July 02, 2009

So, Your Teacher Is Menacing You, And The Principal Says You're On Your Own??

So, you're reading along. You notice that the head of the school is kind of inept -- as an administrator, and as a ...person. He's got his wizard chops, yeah, but he rarely seems to use them, although there was that one time his bird spontaneously combusted, and came back. The Aunt and Uncle are vicious, some of the teachers are menacing, and the parents are dead -- murdered. And the kid with the scar gets only vague advice, and a Mona Lisa smile. What's wrong with this picture?

Maybe only I got irritated with Dumbledore, but it's a common malady in kidlit (and in Disney films, don't get me started) that parents are among the missing or the dead. Anne-with-an-e is perky and chipper, yet has her sad orphan tale, Oliver Twist figures out he can't trust Fagin, and Nancy Drew knows she can drive around in the convertible solving mysteries, and still be in a fresh twinset and pearls by the time her erstwhile father gets home. Once writers got past the 19th and early 20th century moral tales, in which the adult is always right, there evolved a lot of negative press for adults in children's lit, and we're becoming increasingly harder on adults every day. Parker Peeveyhouse has asked a great question about those absent adults in children's science fiction and fantasy.

The nice thing is, young readers have real adults to help them and care for them. And those who don’t can take courage from similarly disadvantaged literary heroes. But how do you think children are affected by reading about powerless, ruthless adults? How can these extremes be tempered in novels–or should they?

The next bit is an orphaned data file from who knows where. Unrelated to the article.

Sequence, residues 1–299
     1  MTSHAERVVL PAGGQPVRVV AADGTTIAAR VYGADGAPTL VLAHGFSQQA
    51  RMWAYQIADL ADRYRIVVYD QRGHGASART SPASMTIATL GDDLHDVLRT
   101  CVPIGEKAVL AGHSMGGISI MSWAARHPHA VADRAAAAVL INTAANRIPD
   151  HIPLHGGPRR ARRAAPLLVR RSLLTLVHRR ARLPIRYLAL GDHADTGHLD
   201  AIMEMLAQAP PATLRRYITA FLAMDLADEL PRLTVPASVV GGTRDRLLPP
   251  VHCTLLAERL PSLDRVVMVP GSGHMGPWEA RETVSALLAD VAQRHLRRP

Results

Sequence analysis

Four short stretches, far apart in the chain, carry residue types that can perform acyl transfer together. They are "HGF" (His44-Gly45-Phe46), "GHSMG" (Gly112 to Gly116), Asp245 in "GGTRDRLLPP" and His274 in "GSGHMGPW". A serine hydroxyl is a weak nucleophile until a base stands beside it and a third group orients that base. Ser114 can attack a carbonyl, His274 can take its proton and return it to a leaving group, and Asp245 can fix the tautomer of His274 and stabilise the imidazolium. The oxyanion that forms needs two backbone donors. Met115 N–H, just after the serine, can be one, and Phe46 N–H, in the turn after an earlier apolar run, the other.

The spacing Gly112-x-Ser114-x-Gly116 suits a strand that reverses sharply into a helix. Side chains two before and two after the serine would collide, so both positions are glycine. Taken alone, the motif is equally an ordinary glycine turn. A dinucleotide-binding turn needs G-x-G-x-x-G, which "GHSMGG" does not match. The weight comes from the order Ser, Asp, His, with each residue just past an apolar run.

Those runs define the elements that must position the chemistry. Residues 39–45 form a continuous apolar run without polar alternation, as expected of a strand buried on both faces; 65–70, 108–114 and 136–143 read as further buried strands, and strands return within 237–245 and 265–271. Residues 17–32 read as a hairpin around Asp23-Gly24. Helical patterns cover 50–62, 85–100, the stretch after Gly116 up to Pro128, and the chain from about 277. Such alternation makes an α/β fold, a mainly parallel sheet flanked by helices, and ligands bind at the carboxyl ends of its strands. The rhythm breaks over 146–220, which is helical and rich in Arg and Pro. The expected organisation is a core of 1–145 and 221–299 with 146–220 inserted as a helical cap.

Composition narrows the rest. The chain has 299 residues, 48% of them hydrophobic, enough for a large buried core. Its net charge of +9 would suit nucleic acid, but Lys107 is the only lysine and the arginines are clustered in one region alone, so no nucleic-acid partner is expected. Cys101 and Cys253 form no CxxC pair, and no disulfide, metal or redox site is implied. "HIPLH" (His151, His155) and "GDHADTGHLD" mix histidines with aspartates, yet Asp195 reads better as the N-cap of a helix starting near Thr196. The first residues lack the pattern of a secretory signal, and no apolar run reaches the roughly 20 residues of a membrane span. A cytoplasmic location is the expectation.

Join the discussion.

3 comments:

thespectacleblog said...

Did it seem to anyone that Dumbledore purposely let Harry and co. apprehend Quirrel in the first novel?

I mean, they had to play wizard's chess (which Ron just happens to be great at!) solve a logic puzzle (which Hermione just happens to be great at!) and use THREE broomsticks to grab a flying key (hey, isn't Harry an expert at flying? Aren't there exactly three of these kids??).

If you ask me, Dumbledore didn't leave the castle that night because he was duped but because he wanted to see those kids get through an obstacle course. He's a slippery one, that Dumbledore...

Parker P

gail said...

I didn't think Dumbledore was inept. I thought that he pulled Harry's fat out of the fire in most of the books. But I'm with you regarding the other adult characters.

tanita davis said...

Okay -- I'll give you Dumbledore as a go-to guy. He had ...reasons for not being where he was expected, and reasons for showing up unexpectedly. But the rest of the adults kind of drove me nuts. Was complete ineptness what the kids had to look forward to as they aged?

When I was a kid, I hated it when it was obvious that an adult did or didn't do something in order to Teach Me A Lesson. Argh.